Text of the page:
God's plan for human sexuality is unchanging. Not so the culture. So how do we make an effective case for the truth?
If you're even a semi-regular listener to BreakPoint, you know that John Stonestreet and I talk a lot about the sexual revolution and its consequences. Divorce rates up, marriage rates down. Fatherless homes, sexually transmitted diseases, the pervasiveness of pornography. A revolution that promised sexual liberation has instead brought slavery and left a trail of victims, not the least of which are the 50 plus million babies who lost their lives in their mothers' wombs.
Trust me, it's tough to talk about these kinds of things. Especially since the last thing John and I want to do is obscure another message that we try to articulate again and again: Yes, the cultural moment we live in is difficult. But the cultural moment is just that: a moment.
History, the story of creation and its redemption, belongs to God. As we read in 1 Peter, God has given us "a new birth into a living hope through the resurrection of Jesus Christ from the dead, and into an inheritance that can never perish, spoil, or fade."
And even though, as Peter writes, we may "for a little while" have to "suffer grief in all kinds of trials," we must never say, "It's over, we've lost." The Truth is always, "It is finished. Jesus has won."
That's why I'm excited to tell you about a new book coming out in March called A New Kind of Apologist. The point of the book is to apply timeless Christian teaching to this cultural moment in new and practical ways.
God's truth has not changed. The times have. Radically. So how do we engage with those who are outside the church in a way they will understand? In a way that is gracious and relational?
What I'm really pleased about is that our very own John Stonestreet has contributed a chapter to the book called "Telling the Truth about Sex in a Broken Culture." John makes the case that the scare tactics our parents used when we were growing up (you know, "Don't mess around because you'll catch a disease," or "you'll get pregnant.") do not cut it any more, because adults and even minors have unlimited access to things that can prevent disease and pregnancy.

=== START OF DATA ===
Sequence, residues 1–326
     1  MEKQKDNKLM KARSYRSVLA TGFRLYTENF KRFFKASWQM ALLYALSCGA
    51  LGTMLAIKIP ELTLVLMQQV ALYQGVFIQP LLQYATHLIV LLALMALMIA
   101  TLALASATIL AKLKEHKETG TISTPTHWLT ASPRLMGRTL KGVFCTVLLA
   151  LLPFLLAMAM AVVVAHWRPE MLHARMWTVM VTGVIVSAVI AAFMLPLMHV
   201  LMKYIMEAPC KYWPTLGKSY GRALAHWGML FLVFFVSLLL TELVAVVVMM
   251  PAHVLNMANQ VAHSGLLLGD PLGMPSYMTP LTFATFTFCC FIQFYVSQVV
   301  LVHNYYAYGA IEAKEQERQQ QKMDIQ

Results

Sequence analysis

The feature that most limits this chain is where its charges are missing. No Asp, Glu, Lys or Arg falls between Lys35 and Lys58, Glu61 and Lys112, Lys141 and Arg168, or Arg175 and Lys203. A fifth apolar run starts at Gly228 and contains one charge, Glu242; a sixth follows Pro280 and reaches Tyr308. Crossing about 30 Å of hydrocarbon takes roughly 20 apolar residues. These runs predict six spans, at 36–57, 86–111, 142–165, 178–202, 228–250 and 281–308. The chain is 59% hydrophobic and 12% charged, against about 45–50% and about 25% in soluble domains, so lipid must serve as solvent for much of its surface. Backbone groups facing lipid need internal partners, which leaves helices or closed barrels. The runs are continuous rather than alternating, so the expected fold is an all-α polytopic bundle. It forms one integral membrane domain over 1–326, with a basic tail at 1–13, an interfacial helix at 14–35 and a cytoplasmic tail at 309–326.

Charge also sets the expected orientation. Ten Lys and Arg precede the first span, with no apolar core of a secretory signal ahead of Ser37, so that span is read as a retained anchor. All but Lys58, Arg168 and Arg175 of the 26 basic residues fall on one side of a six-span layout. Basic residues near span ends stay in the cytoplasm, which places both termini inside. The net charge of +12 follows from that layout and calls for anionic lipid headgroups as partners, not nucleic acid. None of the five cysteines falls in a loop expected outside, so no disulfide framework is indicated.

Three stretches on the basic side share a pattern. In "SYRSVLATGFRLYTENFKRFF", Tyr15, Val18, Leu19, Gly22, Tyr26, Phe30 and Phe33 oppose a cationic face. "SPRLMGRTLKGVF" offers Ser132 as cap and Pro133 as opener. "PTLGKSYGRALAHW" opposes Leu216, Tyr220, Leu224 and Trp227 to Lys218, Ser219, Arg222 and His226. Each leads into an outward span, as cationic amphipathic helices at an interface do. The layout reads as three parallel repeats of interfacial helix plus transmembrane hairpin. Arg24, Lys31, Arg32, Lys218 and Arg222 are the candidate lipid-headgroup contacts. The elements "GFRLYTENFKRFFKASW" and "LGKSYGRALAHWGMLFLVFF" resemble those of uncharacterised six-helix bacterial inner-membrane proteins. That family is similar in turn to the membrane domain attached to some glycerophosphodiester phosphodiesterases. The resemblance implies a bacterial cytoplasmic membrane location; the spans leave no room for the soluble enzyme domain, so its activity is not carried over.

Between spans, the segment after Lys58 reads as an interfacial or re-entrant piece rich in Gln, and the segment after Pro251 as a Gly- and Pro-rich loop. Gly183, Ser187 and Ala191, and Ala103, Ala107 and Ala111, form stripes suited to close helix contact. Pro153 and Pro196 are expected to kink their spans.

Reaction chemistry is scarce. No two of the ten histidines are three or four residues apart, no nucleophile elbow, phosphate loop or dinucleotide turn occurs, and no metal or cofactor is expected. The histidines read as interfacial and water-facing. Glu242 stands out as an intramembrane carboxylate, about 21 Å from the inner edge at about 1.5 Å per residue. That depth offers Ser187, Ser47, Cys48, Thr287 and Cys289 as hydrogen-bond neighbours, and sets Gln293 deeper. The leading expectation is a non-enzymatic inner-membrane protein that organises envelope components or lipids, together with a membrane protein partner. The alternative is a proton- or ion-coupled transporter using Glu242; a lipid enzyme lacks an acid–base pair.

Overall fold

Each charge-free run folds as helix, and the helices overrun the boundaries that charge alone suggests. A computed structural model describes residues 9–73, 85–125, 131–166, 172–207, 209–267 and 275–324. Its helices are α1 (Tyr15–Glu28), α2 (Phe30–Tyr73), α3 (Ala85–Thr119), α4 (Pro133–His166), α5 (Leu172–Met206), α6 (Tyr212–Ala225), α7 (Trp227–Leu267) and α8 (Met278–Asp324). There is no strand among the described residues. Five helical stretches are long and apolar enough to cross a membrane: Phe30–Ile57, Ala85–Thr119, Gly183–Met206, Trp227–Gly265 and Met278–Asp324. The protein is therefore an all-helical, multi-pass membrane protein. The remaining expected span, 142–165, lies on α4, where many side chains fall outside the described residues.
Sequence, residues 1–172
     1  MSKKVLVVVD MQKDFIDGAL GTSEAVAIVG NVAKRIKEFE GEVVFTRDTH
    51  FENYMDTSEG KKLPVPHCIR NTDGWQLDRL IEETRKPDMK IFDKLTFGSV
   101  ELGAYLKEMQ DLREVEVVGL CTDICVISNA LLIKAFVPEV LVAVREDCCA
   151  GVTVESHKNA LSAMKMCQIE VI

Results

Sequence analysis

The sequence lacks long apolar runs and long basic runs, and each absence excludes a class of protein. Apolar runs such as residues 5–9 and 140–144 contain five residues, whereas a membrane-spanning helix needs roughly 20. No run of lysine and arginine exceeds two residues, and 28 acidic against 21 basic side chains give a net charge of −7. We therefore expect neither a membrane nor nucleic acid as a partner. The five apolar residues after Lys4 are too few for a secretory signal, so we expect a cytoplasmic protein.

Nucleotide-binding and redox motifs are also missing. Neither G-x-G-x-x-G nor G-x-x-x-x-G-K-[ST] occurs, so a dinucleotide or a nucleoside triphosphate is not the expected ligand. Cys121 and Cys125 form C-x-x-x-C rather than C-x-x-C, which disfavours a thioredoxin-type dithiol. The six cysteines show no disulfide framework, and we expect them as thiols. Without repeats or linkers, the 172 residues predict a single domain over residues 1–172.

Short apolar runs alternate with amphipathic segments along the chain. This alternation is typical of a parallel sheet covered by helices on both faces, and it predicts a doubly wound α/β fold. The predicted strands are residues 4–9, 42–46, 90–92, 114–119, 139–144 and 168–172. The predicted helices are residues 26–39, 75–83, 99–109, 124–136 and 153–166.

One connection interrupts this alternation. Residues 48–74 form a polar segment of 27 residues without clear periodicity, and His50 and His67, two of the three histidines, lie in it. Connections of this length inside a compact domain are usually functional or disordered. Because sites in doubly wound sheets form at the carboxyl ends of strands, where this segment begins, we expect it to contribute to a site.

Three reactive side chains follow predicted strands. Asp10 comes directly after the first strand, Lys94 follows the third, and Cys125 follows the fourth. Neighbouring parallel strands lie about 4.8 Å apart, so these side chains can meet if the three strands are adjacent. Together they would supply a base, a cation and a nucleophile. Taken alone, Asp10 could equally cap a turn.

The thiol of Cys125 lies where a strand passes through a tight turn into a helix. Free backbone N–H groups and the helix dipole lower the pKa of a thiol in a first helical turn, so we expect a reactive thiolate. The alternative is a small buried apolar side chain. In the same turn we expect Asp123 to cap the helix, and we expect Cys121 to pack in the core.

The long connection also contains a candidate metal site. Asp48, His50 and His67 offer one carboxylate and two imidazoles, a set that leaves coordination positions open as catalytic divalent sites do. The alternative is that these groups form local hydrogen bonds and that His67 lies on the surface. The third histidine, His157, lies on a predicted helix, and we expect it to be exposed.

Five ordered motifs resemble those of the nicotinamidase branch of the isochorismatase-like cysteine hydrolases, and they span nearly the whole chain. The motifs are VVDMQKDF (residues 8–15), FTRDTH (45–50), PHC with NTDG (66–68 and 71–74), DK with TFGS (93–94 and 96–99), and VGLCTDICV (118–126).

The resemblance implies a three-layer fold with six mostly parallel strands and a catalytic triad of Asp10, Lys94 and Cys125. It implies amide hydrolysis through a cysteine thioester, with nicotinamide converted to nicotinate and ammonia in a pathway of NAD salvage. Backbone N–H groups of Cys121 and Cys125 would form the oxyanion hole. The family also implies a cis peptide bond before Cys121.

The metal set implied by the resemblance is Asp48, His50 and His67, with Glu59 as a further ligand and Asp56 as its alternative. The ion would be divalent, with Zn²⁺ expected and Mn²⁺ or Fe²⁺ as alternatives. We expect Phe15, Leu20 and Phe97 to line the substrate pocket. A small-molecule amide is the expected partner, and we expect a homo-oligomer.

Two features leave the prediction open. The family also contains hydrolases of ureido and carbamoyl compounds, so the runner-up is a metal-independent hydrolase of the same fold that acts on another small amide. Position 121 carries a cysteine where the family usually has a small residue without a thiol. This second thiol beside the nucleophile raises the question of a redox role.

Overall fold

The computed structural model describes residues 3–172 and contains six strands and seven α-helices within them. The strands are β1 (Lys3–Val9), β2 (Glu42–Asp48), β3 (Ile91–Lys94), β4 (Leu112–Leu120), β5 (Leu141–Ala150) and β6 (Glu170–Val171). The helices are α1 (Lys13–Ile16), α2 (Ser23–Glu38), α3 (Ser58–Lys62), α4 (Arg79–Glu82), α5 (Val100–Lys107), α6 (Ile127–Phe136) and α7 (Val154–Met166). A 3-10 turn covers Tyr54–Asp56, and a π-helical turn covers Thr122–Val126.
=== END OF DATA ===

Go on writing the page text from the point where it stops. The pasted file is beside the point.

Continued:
And arguing the rightness or wrongness of sexual behavior leads most often to just that: an argument. After all, as John writes, "Ours is a culture that considers God optional, authority self-determined, and morality relative. More importantly, human identity is reduced to sexual preferences and inclinations. To deny someone their sexual freedom is tantamount to denying their dignity. The church must understand that, given this cultural framework, biblical sexuality is not even taken seriously. Instead it is dismissed as unbelievable from the start."
Then there's the problem of fearing to come across as judgmental or "mean." But John reminds us that love and truth are not incompatible — especially when it comes to sexual orientation, marriage, divorce, and gender identity.
"Only the gospel promises forgiveness of sin and reconciliation with God, ourselves, and others." John writes, "By caving where the Bible is clear, we stand in the way of sinners finding what they need most."
So, in the midst of the wreckage wrought by the sexual revolution, John urges us to redouble our efforts to give people a vision of the God-given beauty and goodness of human sexuality as expressed in the self-giving relationship of husband and wife. In a world of sexual brokenness, we offer the hope of sexual wholeness.
And here's some more good news. You can read the chapter that John's written for free before the book comes out. All you have to do is go to BreakPoint.org/free, and request a free, downloadable copy of John's chapter, "Telling the Truth about Sex in a Broken Culture."
Originally posted at breakpoint.org.